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Best Kayak Length

just wondering what most people here think is the ideal length for a one person touring Kayak
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  • Options
    best to read the other related threads
    some key things to consider though are how far you hope to paddle, whether and how much you need to pack for multi-day trips and what conditions you paddle (moving water, calm lakes, rough open waters, etc.) and finally your own size (there are often scaled down version of larger boats that are ideal for those shorter than average).
  • 13 ft 6 inches
  • One other thing
    If you are paddling with other people don't get something too different to what they have.
  • Options
    seems like good advice
    I often echo the advice of getting the car rack first so you can easily rent from other than just the waterfront places. And if on a budget buying used is a way better idea than buying cheap new.
  • Options
    Parameters, Constraints, Boundaries
    Same questions applies to bikes concerning :
    - panniers
    - jumping ramps
    - velodrome

    Going to need some guidelines to frame the
    kayak question to understand the basic
    where, what, why, who and how.
  • well, second choice
    The Pamlico comes in both a 13' 6" and 14' 6" model, and both are just awesome for any use, whether as a single or a double.
  • Under 16 feet.
    Our kayak shed is 16 feet long. ;-)
  • Options
    Yup
    The OP's question can't be answered *well* without more info.

    Though I suspect many ppl's default answer will always be 'seventeen feet'.

  • Options
    yeah, I discovered that
    I was kayaking in my nine foot, and friends had fourteeners. It wore me out trying to keep up.
    As I mentioned, I am looking for a touring kayak. something relatively lightweight, but has decent storage capabilities. Hoping for something in the twelve foot range.
  • in general, shorter kayaks
    -- Last Updated: Sep-05-12 6:14 PM EST --

    don't have both front and rear sealed bulkheads which is a safety feature (beyond the "dry" storage function of these compartments with hatches) -- keeps the boat floating and horizontal if swamped.
    I suppose in shallow ponds that might not matter. If you paddle with companions in 14 footers, why not that? I think a 14 can be lifted onto the roof of a car -- I guess you don't want to go so heavy that it is difficult to transport.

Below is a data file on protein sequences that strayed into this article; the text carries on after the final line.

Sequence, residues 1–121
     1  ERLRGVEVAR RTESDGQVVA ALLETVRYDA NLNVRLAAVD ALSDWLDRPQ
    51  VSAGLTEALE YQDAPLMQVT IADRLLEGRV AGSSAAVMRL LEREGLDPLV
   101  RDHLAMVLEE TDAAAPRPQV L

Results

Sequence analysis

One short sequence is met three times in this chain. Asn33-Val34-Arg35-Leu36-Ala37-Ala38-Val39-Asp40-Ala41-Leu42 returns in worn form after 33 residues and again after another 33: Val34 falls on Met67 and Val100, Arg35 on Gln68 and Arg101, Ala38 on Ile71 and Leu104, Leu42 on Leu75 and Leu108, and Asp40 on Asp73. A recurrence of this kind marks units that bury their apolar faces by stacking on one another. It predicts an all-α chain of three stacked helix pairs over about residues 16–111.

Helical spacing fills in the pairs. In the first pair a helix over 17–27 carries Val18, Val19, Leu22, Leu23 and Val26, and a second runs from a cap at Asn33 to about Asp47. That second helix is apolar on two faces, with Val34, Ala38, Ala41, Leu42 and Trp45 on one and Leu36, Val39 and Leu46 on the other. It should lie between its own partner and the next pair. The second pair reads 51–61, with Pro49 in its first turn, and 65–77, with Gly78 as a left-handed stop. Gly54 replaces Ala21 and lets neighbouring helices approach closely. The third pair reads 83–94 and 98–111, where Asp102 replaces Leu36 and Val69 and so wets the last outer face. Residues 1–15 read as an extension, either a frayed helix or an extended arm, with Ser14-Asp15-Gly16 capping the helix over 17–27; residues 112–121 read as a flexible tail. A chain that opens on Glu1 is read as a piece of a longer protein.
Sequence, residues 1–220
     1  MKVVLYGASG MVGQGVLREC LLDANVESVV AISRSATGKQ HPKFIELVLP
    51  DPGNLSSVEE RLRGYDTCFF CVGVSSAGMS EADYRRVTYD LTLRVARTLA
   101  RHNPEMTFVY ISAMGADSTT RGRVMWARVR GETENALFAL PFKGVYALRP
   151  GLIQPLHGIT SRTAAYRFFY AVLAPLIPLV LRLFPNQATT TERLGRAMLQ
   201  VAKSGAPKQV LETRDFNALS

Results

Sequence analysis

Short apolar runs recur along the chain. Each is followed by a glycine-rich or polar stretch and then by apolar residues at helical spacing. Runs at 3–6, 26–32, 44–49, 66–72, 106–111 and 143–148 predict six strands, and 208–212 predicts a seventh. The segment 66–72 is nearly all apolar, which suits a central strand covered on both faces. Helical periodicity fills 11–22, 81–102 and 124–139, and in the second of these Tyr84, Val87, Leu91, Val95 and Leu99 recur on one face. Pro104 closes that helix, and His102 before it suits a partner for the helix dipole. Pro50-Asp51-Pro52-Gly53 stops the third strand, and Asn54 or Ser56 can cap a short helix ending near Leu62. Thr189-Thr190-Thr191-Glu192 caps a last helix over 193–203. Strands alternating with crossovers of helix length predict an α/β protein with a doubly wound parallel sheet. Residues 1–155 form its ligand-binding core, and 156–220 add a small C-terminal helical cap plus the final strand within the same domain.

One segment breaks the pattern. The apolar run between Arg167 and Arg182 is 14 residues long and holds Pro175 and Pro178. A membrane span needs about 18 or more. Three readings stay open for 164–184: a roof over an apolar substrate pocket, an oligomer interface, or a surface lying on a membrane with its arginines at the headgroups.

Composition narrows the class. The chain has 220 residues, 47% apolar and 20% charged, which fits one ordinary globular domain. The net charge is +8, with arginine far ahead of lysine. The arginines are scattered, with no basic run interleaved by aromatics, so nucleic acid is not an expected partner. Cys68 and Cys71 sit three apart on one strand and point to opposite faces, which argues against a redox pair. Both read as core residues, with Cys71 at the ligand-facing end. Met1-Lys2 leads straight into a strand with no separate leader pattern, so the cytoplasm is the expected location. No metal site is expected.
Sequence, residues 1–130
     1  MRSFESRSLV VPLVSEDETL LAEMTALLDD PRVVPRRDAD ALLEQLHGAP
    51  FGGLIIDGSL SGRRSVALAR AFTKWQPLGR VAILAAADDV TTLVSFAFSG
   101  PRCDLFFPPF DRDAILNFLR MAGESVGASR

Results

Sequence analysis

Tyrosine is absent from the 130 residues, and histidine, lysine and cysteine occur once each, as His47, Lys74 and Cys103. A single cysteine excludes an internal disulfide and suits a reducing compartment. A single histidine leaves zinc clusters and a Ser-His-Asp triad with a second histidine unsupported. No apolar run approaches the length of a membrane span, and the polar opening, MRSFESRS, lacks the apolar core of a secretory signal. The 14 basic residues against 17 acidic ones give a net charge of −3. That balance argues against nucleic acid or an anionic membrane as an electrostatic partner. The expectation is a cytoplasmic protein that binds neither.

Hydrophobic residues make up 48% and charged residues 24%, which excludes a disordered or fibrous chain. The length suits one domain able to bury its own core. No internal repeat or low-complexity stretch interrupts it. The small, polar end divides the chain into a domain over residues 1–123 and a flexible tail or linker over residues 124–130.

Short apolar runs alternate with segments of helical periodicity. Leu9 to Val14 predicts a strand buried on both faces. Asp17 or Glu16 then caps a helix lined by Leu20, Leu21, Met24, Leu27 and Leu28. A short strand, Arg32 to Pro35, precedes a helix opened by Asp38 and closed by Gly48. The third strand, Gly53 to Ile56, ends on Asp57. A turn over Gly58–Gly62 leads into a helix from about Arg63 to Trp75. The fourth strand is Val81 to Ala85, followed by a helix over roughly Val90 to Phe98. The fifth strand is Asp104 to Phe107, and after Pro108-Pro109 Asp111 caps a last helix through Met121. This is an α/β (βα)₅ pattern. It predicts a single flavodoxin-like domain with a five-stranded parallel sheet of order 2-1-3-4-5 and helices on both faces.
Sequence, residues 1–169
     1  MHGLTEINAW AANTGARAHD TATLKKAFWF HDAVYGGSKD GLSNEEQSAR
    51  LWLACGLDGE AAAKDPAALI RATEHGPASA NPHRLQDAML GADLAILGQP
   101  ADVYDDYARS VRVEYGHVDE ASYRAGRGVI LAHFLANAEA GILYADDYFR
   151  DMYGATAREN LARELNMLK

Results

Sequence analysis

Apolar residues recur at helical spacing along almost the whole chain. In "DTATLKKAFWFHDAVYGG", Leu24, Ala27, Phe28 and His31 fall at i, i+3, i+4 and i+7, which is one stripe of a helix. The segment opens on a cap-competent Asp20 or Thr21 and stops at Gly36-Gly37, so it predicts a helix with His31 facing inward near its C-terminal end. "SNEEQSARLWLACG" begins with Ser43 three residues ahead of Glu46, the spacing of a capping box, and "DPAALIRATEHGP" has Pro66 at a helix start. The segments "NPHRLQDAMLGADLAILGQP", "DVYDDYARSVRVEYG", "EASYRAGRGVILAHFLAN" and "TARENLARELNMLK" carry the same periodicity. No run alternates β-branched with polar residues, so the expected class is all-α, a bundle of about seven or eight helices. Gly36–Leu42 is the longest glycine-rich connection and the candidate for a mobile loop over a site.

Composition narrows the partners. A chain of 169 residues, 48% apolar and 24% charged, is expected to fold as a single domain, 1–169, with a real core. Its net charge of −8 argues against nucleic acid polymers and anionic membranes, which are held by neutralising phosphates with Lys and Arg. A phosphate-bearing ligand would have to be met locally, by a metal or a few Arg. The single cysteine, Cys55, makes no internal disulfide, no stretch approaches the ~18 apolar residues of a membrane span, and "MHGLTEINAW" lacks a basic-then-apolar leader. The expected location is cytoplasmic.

What's ideal for me? I have a 14 and a 16.5; I guess neither one is ideal!

  • 14'-15'
    This is a personal choice. I don't like to store, load, or transport long or heavy kayaks. It also depends on the conditions, whether flat or rough.

    The minimum would be 12' with two hatches. Most people would consider that too short for touring, but I know of at least one or two twelve footers that would work for touring. Example: Delta 12.10 (Okay, that's more than twelve feet.)

    14'-15' is a nice middle ground. 14' is certainly sufficient.

    How much you can store in the hatches is a function of the length, but may depend even more on the depth of the kayak, especially at the ends.
  • 15.314159'
  • Options
    yum...
    a kayak that inclues a piece of pi
  • Options
    kayak length
    Some of that depends on the seas/conditions you paddle, your size/weight, etc.

    In general, I find 14' a little short other than for training and day trips. I prefer about 16', high profile for more seas.

    24" width is standard for beginners/intermediates; 22" is faster of course.

    The more I am doing lakes/slow rivers I go a little shorter........14' to 15'.

  • Try a Conduit 13.
    From Dick's. Do some research. I have found it to be the best kayak for me. It may not be the best kayak out there, but for the price it can't be beat.
  • Options
    Question on the Conduit 13...
    -- Last Updated: Sep-06-12 4:48 PM EST --

    I could see this being a good 'second boat/loaner boat' for me when I have non-kayaking friends come along and paddle with me.

    How's the paddling position on the Conduit? From the pics, it looks like the deck is raised considerably near the front of the cockpit, so that you might be able to paddle with a bit of a 'knees high and close together' position (i.e. somewhat of a 'surf-ski-like' position).

    If true, that would be great. I think subjecting ppl to the 'frog-legged/yoga' splayed-out position is tough on newbies' backs (a la boats such as the Tsunami).

    If not true, oh well. The Conduit's still the most inexpensive front & rear bulkhead boat out there. =]

  • 17-19ft
    17 to 19ft and no wider than 22.5".

    With these dimensions, you get storage capacity and speed.